Insurance industry feels the effects of climate change

Posted by Laura Grant on December 30, 2007
Posted in Business

There were 950 natural disasters in 2007, up from 850 in 2006, according to this year’s annual disaster report of Munich Re, the world’s second-biggest re-insurer.

This is the highest number since the group started compiling its report in 1974.

The total cost of 2007’s disasters was $75-billion; 2006’s bill was $50-billion.

Disasters are defined as natural events causing more than 10 fatalities or damage in the millions of dollars.

The most economically destructive disaster was an earthquake in Japan in July that caused $12.5 billion of damage, including to a nuclear power plant. Eleven people were killed. Insured losses from the quake totalled $300-million.

The most expensive event for the insurance industry was the Kyrill storm that hit Europe in January, killing 49 people and causing $10-billion worth of damage, $5.8-billion of which was insured. Floods in Britain were the second costliest event to insurers.

The worst human catastrophe was Cyclone Sidr, which killed 3,300 people in Bangladesh and India in November. The cyclone caused losses worth $2.3-billion, hardly any of it was insured, Munich Re said.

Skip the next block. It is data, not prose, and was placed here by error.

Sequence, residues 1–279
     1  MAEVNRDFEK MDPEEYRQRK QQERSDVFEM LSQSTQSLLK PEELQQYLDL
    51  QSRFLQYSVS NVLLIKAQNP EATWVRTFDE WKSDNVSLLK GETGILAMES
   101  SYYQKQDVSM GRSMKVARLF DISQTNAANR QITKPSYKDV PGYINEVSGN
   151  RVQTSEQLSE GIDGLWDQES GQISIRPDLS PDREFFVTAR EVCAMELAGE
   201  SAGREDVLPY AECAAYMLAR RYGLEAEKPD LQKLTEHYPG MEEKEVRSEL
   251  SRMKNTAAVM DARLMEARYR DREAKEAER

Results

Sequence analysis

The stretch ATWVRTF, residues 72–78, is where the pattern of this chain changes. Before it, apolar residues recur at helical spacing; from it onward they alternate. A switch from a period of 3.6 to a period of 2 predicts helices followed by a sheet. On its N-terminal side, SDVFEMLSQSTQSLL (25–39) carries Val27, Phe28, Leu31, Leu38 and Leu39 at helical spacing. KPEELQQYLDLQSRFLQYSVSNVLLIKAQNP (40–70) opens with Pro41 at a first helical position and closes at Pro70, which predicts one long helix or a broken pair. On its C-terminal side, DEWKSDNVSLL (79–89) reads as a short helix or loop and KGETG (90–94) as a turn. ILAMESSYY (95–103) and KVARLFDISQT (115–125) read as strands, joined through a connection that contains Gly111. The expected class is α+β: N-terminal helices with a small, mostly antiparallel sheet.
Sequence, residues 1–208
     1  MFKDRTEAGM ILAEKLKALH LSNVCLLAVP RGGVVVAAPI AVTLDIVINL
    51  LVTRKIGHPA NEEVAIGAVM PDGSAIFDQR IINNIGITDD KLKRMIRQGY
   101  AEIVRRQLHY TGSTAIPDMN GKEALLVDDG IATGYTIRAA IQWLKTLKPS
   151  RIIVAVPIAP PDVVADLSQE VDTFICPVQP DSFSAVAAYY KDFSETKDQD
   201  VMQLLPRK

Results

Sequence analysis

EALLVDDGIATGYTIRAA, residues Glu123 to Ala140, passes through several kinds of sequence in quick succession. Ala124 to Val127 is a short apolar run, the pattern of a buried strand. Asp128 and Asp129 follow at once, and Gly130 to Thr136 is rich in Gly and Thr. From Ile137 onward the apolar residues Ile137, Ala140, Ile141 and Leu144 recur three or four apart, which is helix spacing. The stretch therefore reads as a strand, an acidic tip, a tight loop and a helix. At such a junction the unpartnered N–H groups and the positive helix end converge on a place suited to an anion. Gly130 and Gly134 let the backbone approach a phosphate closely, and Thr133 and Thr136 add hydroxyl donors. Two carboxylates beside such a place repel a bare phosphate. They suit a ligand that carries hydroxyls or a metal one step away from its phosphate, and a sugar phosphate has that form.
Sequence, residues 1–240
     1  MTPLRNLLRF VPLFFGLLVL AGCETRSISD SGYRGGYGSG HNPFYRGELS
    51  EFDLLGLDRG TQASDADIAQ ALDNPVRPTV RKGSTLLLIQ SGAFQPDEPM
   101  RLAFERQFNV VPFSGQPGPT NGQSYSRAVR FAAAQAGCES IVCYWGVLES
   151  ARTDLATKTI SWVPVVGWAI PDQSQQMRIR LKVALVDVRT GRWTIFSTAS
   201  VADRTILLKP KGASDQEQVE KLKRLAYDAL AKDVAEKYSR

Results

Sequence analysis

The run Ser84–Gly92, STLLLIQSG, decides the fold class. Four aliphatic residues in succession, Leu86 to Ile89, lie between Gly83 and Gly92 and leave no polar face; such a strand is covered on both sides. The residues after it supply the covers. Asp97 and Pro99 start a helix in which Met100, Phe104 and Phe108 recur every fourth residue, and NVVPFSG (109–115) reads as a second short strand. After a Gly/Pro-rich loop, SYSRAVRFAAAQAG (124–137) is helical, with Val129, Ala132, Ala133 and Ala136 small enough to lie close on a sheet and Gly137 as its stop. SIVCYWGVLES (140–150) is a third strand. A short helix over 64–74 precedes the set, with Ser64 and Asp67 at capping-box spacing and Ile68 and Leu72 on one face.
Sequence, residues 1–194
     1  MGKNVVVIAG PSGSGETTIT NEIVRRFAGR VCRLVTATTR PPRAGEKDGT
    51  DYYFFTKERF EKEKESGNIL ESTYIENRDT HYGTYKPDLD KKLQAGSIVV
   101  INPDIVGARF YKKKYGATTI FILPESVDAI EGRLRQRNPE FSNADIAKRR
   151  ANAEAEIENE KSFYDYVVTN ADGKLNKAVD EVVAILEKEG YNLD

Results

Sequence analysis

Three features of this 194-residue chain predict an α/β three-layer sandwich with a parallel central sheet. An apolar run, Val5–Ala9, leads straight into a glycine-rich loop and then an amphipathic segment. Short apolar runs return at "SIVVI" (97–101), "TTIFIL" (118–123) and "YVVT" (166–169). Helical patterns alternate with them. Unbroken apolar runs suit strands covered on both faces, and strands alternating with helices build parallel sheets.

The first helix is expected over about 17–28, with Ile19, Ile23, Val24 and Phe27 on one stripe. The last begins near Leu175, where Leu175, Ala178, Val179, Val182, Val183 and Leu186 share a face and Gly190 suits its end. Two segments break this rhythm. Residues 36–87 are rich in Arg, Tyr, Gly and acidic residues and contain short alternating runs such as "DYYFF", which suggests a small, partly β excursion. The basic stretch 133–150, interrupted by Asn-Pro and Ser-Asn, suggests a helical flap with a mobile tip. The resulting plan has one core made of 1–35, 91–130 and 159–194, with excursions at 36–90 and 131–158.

“The figures confirm our expectations. The trend in respect of weather extremes shows that climate change is already taking effect and that more such extremes are to be expected in the future,” said Torsten Jeworrek of Munich Re.

Other natural disasters this decade include:
– 2005 Hurricane Katrina caused about $66 billion in losses when it devastated the southern United States city of New Orleans,
– 2004 Hurricane Ivan caused $13.7 billion in property damage in the Caribbean.
– 2006 Typhoon Kaemi caused $9 billion in losses in China.
– 2002 flooding in Europe caused $3.4 billion in insurance losses.
– 2006 Typhoon Shanshan in Japan cost $2.5 billion in total losses.
– 2002 Australia’s worst drought in 100 years, caused losses of $2.5 billion.

Sources: Reuters 1 and 2


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